I am now heading the provincial intelligence center and that's a priority in British Columbia. I have been given this because of my experience. But many years ago, even if I had the ability I would still not get the job. Today, while I am with other RCMP officers, nobody notices my turban.

Has acceptance reached the stage where you are just another Canadian making same kind of a contribution?

We are getting there, but it would be dangerous for us to let our guard down. Now, the fear has transferred from the minority member who lived in fear of his safety, the fear of not getting a job because of his color to the majority who are constantly on guard to ensure that they don't say anything wrong, don't behave in a way that can be construed as discrimination. I think we are now at a very precarious point. Earlier, you could deal with it because it was there in the open. Now, it is lying in a very murky, shadowy area and those people (racists) still exist.

You are saying there's still racism in the country?

Yes. But it is not easily recognizable because it is hidden under layers and they are very careful with words.

Any interesting encounters during these 20 years that you can discuss?

I have done everything from street patrolling to working as a community liaison officer devising strategies to prevent crime. I was also on the Air India task force for seven years.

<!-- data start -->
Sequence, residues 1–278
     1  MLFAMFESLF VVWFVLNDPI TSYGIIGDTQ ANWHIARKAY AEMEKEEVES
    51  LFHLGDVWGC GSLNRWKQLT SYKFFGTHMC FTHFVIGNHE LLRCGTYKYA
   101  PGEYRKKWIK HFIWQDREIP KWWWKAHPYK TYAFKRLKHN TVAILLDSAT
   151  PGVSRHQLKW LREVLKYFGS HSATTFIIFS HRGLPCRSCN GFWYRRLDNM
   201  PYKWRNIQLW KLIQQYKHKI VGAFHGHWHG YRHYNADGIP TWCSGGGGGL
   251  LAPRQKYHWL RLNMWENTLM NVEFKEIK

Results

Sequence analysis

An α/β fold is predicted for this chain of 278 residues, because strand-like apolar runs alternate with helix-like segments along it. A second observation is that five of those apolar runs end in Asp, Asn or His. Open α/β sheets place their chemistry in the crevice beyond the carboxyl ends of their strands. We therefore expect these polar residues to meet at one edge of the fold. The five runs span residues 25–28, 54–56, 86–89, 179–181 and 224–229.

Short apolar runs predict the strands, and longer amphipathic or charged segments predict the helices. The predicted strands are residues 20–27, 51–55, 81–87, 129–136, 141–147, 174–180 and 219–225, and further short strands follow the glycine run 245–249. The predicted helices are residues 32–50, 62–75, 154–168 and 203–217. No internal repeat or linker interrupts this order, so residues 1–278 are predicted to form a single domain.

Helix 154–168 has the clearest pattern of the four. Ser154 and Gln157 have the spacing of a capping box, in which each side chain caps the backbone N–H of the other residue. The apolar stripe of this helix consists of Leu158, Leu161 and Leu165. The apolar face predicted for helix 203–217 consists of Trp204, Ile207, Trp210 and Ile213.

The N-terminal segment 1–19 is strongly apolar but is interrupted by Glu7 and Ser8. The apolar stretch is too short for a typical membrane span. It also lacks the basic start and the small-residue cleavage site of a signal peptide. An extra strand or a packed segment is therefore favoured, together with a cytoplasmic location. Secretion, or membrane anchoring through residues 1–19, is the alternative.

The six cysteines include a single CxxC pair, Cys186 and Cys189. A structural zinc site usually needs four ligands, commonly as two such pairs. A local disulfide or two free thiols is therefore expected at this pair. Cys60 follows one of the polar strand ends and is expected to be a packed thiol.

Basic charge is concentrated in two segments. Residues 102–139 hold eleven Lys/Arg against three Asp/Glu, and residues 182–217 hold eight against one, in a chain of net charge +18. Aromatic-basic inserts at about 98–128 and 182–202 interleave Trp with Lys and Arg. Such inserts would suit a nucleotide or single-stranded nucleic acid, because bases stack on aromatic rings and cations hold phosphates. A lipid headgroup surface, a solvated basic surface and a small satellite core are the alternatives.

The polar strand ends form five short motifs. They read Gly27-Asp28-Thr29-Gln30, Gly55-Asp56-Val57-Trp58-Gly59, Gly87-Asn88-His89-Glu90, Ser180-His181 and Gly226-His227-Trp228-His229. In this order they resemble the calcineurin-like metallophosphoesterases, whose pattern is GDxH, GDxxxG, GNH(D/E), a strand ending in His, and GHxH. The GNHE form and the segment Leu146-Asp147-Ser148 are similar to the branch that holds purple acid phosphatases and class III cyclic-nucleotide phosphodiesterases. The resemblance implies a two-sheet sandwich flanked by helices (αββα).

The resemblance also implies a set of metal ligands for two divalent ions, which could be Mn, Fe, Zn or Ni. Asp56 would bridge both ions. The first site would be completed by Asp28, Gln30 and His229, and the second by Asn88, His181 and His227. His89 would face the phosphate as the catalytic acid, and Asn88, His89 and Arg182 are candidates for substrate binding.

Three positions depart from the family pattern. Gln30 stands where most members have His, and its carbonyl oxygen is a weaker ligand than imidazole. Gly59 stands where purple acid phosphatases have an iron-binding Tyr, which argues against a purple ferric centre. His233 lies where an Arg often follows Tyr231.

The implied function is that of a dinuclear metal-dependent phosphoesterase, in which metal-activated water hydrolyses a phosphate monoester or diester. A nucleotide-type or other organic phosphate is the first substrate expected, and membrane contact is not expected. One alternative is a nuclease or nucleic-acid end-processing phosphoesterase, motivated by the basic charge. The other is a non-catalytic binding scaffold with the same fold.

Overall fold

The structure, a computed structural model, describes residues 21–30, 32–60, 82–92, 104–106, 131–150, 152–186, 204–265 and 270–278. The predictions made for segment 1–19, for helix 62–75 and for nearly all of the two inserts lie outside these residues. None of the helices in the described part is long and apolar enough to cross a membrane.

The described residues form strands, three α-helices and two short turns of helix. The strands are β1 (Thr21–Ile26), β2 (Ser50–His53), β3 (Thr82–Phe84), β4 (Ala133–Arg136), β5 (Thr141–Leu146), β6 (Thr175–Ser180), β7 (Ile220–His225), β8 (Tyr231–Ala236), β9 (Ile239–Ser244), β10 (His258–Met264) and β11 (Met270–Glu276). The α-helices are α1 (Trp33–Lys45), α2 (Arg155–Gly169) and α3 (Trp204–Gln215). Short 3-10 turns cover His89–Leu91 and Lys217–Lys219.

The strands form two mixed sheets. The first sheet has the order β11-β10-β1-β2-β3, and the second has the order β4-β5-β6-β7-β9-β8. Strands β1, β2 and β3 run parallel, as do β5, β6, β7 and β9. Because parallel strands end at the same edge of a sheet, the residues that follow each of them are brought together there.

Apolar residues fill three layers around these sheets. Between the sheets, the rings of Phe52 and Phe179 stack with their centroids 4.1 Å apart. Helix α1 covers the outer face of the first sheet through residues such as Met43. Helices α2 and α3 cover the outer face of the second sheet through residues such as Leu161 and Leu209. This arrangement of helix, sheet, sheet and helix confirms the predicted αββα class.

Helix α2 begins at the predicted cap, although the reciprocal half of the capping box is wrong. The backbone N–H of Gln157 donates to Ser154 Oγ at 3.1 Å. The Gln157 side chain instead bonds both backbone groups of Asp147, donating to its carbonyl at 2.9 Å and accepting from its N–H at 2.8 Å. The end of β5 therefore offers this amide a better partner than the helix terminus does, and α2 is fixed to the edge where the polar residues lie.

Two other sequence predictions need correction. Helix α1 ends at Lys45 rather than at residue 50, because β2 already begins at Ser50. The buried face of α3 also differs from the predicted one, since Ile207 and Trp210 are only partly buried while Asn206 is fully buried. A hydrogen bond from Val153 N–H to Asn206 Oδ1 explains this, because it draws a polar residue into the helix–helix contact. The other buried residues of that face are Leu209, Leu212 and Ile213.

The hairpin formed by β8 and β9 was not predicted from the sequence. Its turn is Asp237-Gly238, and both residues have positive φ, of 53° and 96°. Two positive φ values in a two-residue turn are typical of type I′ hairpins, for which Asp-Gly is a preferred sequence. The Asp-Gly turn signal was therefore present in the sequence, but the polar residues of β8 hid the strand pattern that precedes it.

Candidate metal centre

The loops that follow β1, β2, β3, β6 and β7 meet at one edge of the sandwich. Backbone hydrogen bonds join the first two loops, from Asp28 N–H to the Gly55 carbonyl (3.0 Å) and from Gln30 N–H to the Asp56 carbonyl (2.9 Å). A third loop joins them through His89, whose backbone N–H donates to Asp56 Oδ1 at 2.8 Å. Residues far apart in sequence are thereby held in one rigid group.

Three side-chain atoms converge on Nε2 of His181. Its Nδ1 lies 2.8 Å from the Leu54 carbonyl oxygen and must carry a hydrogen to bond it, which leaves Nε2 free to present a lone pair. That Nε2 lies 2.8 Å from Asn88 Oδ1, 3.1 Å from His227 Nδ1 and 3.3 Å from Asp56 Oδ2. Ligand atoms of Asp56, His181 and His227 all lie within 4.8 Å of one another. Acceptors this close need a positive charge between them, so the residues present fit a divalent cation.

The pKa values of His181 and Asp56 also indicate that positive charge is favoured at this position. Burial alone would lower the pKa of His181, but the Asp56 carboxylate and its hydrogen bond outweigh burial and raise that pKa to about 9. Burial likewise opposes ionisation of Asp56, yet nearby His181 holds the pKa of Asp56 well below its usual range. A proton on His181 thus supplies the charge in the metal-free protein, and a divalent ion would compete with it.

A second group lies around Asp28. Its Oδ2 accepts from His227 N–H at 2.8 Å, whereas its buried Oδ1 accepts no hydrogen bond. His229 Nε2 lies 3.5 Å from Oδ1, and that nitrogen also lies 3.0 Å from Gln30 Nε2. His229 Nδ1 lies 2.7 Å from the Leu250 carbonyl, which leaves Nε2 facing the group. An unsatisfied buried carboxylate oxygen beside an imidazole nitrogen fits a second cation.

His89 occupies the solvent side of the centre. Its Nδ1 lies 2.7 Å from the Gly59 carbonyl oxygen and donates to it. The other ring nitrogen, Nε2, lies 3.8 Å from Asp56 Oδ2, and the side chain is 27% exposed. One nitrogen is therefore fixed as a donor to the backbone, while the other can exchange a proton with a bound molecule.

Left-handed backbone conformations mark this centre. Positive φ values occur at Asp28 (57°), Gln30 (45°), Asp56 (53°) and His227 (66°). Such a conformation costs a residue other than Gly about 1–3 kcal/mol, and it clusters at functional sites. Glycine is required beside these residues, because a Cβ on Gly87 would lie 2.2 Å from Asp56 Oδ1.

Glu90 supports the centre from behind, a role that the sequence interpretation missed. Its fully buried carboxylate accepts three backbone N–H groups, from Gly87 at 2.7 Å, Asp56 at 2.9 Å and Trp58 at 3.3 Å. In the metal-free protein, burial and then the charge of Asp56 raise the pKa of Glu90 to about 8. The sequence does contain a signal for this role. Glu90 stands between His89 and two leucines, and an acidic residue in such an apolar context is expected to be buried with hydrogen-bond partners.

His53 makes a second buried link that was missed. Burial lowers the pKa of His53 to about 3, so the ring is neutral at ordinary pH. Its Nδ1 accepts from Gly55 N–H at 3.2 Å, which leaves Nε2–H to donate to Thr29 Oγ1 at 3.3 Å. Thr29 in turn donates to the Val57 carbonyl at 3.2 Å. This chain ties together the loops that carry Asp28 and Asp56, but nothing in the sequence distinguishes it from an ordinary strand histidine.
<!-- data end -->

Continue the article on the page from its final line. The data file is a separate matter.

What do you think of the Air India inquiry?

It was a challenging seven years.  It was not something that I was excited being part of, but I knew it was my duty.

Even after 25 years, there is no end to the agony of the victims' families?

It is very frustrating. I find solace in the fact that there is justice beyond the justice that is given in this world. Other than that it was a very frustrating time for me. It was a balancing act between doing what was right and following the laws of this country. My job involved investigating members of my community who, according to our evidence, were involved. I drew a lot of anger from my own community for being involved in the investigation. That was lack of maturity on the part of those people. They forgot that I am a good Sikh and I am also a police officer.

I am a police officer second and a good Sikh first. My job as a good Sikh is to always stand on the side of justice. And the oath that I took as an RCMP officer was secondary to the oath I took as a Gur Sikh. And it was not in contradiction or conflict of who I was as a man, who I was as Gur Sikh.

Any time there is injustice where innocent people are cold-bloodedly killed, I don't care even if he (the culprit) is my own child or father; justice is justice.

Many young people still have apprehensions about joining the RCMP or any law enforcement agencies. What would you tell them?

I would say forget those apprehensions. It is a job that brings dignity and honor to your family. The RCMP has allowed me to do that and it is an honorable organization as 99.9 percent of the people that I stand shoulder-to-shoulder with have very high professionalism, dignity and integrity. To be a part of such an organization has been a blessing.

Image: Baltej Dhillon
Ajit Jain in Toronto